By the end of the 1970s there were four coin clubs in the country, while the introduction of New Zealand’s first phone cards by Telecom in 1989 provided another fertile area for collectors.
A growing awareness of local history was reflected in the formation of the New Zealand Historic Places Trust in 1954, which was renamed Heritage New Zealand in 2014. Firearms were part of the nation’s history and were owned by most farmers, and by 1972 the New Zealand Antique Arms Association had some 400 members. Others collected model soldiers, 19th-century patchwork quilts and antique dolls. Historic links with Britain ensured the popularity of royal commemorative ware.
Another stimulus for collecting was a succession of period revivals – Victorian, art nouveau, Edwardian, art deco and the 1950s and beyond – that began in the 1960s. This was encouraged by popular publications, and in the mid-1970s by the British television series Upstairs, downstairs, which spanned the period 1903–30. The decorative arts of these periods became highly collectable, in particular those by British ceramic designers such as Clarice Cliff and Susie Cooper.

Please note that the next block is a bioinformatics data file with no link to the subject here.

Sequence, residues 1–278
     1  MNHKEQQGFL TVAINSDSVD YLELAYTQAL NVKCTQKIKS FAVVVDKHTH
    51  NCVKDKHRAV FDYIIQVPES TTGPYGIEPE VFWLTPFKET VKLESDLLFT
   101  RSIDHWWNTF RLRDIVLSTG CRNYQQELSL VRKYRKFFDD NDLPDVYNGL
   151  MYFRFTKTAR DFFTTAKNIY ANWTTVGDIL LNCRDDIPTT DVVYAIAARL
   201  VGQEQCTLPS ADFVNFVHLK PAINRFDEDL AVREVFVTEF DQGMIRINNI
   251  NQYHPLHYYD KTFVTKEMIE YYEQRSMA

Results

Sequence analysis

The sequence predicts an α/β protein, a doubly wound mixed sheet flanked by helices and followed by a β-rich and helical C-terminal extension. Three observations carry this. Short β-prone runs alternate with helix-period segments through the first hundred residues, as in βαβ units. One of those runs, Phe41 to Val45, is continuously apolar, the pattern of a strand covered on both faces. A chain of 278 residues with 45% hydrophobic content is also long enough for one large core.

In 1996 Wellington accountant Bruce Gall was jailed after he embezzled money from his employer to fund his well-heeled lifestyle, which included collecting New Zealand art. Gall purchased his first artwork in 1978 and amassed an impressive collection while working in the financial sector. After losing his job after the 1987 sharemarket crash, he was employed at auctioneer Dunbar Sloane. The pay cut was considerable and Gall stole from his employer to keep up appearances. His collection was sold at auction in 1996.